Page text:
Panasonic Lumix DMC-FX8 review
This little camera grows on you. I compared both the FX8 and FX9 before finally choosing the FX8. Although the FX9 has a high rez LCD, the screen on the FX8 has a wider viewing angle and overall it seems a better match for the image electronics. I felt compression artifacts and the low resolution of the menu graphics to be painfully obvious with the better LCD. I didnt see any advantage to having the extra megapixels in the CCD, either. And while the enamel finish of the black FX8 has a great look and feel, I didnt care much for the rubber matt finish of the FX9.
The FX8 like all the Lumix cameras I've used has an intuitive menu system that allows quick access to the usual parameters. It dumbs down in simple mode, if you really need it to. The image presets (fireworks, portrait, night scenery) are generally useful and produce good results.
The image quality is good. Noise reduction does lead to flat, dull images sometimes, while ISO 400 is too noisy to be of much value. Generally recommended as an outdoor camera more than an indoor one. Battery life is excellent, especially with the econo mode enabled that swiches off the LCD automatically after a short delay. Build quality is very high.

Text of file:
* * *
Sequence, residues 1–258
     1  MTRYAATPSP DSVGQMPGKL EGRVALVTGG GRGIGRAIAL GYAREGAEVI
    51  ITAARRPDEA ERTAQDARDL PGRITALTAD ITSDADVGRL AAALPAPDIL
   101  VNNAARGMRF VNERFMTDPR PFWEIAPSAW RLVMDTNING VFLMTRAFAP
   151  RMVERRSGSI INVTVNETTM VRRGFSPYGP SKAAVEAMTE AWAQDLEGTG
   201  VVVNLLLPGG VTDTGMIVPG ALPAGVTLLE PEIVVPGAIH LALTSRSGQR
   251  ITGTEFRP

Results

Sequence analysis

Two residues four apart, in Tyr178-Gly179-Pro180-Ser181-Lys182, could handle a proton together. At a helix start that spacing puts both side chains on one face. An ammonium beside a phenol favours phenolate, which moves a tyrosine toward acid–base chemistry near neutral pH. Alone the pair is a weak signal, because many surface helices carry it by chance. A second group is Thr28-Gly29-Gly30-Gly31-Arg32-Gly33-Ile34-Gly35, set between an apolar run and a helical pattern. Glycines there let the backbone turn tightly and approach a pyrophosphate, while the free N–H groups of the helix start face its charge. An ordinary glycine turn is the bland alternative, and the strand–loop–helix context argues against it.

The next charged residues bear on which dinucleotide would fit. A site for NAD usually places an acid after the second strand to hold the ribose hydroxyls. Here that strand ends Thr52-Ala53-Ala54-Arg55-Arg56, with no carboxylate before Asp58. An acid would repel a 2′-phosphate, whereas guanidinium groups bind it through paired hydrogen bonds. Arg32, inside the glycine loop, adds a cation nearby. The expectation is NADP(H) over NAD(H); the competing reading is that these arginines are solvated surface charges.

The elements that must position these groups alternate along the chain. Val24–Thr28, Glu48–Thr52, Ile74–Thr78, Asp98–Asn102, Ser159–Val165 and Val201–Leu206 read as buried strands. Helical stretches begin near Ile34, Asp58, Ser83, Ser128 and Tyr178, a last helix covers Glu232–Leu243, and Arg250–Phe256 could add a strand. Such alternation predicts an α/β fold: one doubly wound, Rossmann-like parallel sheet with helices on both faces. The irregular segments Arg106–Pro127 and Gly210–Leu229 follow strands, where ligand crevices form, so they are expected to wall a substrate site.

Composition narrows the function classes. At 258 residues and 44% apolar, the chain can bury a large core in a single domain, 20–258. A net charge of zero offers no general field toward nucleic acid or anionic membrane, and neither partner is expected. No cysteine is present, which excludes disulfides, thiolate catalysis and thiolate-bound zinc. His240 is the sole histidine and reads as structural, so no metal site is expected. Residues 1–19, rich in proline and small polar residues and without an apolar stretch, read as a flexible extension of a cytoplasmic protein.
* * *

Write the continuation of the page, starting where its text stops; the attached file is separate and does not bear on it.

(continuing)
Lastly, size matters. The FX8 is not significantly bigger than a mobile phone. This is what finally sealed the deal over the functionally more capable FZ series. It can be taken anywhere, anytime, and just forgotten about untill its needed.
With the gloss finish and small size, the camera can become hard to hold if your hands get sweaty. As with all compact cameras, the max aperture of the tele end of the lens is slow at only F5. Also, the aperture has only two stops: the exposure is mostly controlled through changing the iso (CCD gain). No manual control. No viewfinder. I never found the last two points to be a problem in practice. The slow lens, on the other hand, did present limitations from time to time.
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|Aug 29, 2006|